The "legal advice" that was "most positive and emphatic" as to the duty of the Judges to count the vote, did not seem to strike them with greater force than the legal advice they had received from as sound lawyers, as the gentleman whose advice was so kindly tendered. The Judges acted properly in this matter and deserve the thanks of every man who desires to preserve the purity of our elections.

In a labored article in the last issue of the Repository and Transcript, the editor of that paper in alluding to the contested election of Mr. Downey, as Commissioner, characterizes it as an attempt to disfranchise the soldier. We cannot imagine on what grounds the gentleman comes to that conclusion. A number of sick and wounded soldiers are brought here to the Hospitals, some of them reside and have domicils [sic] in other counties of this State, and in the States of New York and Massachusetts, and although we may regret that under existing laws, our soldiers cannot exercise the right of suffrage, yet we are unwilling that citizens of the States of New York and Massachusetts, and the counties of Adams, Lancaster and others in this State, shall elect a Commissioner for Franklin county, in direct violation of all law.

We have no doubt whatever, that when the case of Fickes vs. Downey, comes before the learned Court, "whose duty it will be first to construe the law," it will be decided according to the laws of the Commonwealth, and without regard to the opinions expressed by partisan newspapers.

General McClellan Again Removed from the Command of the Army
(Column 4)
Summary: The writers decry the removal of General McClellan from his command. The people will punish this vacillation by the political leaders of the country, argue the writers, and this particular change is no doubt a sign of "radical influences" being brought to bear at the highest levels of government.
Origin of Article: Philadelphia Ledger
[No Title]
(Column 5)
Summary: The editors claim to disavow any praise from the editor of a unnamed competing paper, hoping that they will be judged disloyal to his doctrines of "Abolitionism and infidelity."
[No Title]
(Column 5)
Summary: The editors note that the Democratic majority on the combined ballot in the state legislature is only one. While some fear that the Democrats will lose the offices of senator and state treasurer if a Democrat switches, the editors reassure them not to worry, since "the member of the Senate or House of Representatives who deserts his colors will have a heavy responsibility resting upon him."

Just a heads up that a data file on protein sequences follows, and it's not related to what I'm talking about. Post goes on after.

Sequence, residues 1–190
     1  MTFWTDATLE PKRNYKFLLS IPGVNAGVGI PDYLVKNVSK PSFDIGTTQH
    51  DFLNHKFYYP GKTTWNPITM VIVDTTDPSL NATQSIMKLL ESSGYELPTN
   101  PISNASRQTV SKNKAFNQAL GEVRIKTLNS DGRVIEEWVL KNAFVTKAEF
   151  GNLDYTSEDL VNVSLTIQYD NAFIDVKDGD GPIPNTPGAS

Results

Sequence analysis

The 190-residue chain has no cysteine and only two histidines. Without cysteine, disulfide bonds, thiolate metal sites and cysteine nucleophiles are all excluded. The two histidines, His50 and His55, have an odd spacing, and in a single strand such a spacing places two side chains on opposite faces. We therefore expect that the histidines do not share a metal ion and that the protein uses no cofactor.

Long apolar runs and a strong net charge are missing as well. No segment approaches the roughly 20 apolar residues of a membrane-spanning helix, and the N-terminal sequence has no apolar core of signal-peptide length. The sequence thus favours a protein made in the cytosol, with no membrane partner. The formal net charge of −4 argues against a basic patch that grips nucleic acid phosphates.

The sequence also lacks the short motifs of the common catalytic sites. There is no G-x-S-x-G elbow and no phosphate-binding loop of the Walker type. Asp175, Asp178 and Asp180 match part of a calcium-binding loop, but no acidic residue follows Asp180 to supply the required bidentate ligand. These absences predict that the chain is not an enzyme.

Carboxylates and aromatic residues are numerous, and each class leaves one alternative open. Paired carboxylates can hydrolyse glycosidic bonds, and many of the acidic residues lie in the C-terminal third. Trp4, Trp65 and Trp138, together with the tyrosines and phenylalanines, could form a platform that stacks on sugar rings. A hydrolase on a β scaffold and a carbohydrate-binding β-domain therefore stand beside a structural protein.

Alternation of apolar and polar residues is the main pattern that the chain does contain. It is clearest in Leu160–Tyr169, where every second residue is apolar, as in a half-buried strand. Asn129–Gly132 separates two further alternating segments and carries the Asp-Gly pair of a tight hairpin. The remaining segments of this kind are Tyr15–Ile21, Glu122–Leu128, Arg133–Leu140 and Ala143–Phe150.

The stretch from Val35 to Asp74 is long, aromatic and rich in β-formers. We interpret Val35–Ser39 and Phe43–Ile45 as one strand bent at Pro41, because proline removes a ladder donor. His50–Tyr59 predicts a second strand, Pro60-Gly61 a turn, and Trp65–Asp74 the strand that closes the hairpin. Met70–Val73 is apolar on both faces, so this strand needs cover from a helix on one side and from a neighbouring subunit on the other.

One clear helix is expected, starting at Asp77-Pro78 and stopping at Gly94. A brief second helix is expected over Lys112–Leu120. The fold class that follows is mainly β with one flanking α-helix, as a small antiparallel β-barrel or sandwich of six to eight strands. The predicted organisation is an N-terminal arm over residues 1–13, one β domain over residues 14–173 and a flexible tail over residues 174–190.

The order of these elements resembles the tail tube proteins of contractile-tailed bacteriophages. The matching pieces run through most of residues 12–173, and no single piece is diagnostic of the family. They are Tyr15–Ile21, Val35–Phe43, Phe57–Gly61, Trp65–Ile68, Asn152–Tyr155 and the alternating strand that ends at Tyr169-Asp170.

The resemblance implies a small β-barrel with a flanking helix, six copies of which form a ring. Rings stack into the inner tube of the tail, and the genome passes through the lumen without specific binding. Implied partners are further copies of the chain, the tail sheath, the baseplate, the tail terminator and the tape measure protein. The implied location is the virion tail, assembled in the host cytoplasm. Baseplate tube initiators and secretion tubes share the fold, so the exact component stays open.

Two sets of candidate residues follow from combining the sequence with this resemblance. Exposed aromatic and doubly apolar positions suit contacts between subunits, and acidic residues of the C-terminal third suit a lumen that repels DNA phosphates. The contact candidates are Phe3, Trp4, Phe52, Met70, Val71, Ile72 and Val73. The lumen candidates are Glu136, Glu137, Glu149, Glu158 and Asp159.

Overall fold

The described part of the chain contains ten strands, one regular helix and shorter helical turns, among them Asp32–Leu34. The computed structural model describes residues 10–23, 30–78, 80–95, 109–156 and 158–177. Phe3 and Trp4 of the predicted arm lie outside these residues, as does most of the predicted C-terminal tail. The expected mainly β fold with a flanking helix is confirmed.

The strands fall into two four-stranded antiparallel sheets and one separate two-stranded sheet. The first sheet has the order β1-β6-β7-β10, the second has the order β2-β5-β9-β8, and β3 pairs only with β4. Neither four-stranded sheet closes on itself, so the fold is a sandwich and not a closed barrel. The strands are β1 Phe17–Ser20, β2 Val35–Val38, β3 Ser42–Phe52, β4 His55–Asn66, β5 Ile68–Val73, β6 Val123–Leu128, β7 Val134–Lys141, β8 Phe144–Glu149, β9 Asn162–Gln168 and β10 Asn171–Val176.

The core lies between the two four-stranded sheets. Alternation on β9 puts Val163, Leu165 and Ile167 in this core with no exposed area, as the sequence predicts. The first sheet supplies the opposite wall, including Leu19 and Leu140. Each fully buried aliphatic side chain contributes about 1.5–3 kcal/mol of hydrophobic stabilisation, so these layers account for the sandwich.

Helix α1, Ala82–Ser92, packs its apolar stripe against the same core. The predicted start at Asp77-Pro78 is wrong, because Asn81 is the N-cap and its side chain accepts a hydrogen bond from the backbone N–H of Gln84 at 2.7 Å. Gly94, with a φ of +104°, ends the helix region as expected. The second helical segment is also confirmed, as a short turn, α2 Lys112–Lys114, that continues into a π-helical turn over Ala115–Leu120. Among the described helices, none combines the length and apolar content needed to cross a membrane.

News Summary
(Column 6)
Summary: A summary of the past week's war news, including rumors of Stonewall Jackson's movements in Virginia.

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Description of Page: Page also contains market and financial information and reports from hearings on the surrender of Harper's Ferry.

Agents Wanted
(Column 1)
Summary: A joke advertisement, requesting agents who will go sell the Dispatch in the black village of Wolfstown.
Burglars About
(Column 1)
Summary: Burglars attempted to break into the house of Miss Houser on South Main Street last Saturday night, forcing open the shutters of a lower window before they were scared off.
(Names in announcement: Miss Houser)
Our New Sheriff
(Column 1)
Summary: Samuel Brandt, Esq., received his commission as sheriff on Monday, and the editors believe he will be a popular and efficient officer. He has chosen as his deputy Jacob Sellers, Esq., known around the county as a "efficient business man and a clever fellow."
(Names in announcement: Samuel BrandtEsq., Jacob SellersEsq.)
Col. F. S. Stumbaugh
(Column 1)
Summary: Col. F. S. Stumbaugh is at home again, forced to retire temporarily from his command due to impaired health. His regiment (the 77th Reg't Penn. Volunteers) has served well in Kentucky and Tennessee. The Colonel has been in command of a brigade for some time, which the editors believe merits him a commission as brigadier general.
(Names in announcement: Col. F. S. Stumbaugh)
The Difficulty Adjusted
(Column 1)
Summary: The drafted men at Harrisburg, who had been prevented from forming into regiments by the War Department, have been allowed to organize themselves after the intervention of Governor Curtain. Thousands are now returning to their commands. Many of these men had either deserted or refused to assemble because they were under the impression that they would be forced into the old regiments and be required to serve longer terms than those for which they had been drafted.
Tax Decisions
(Column 1)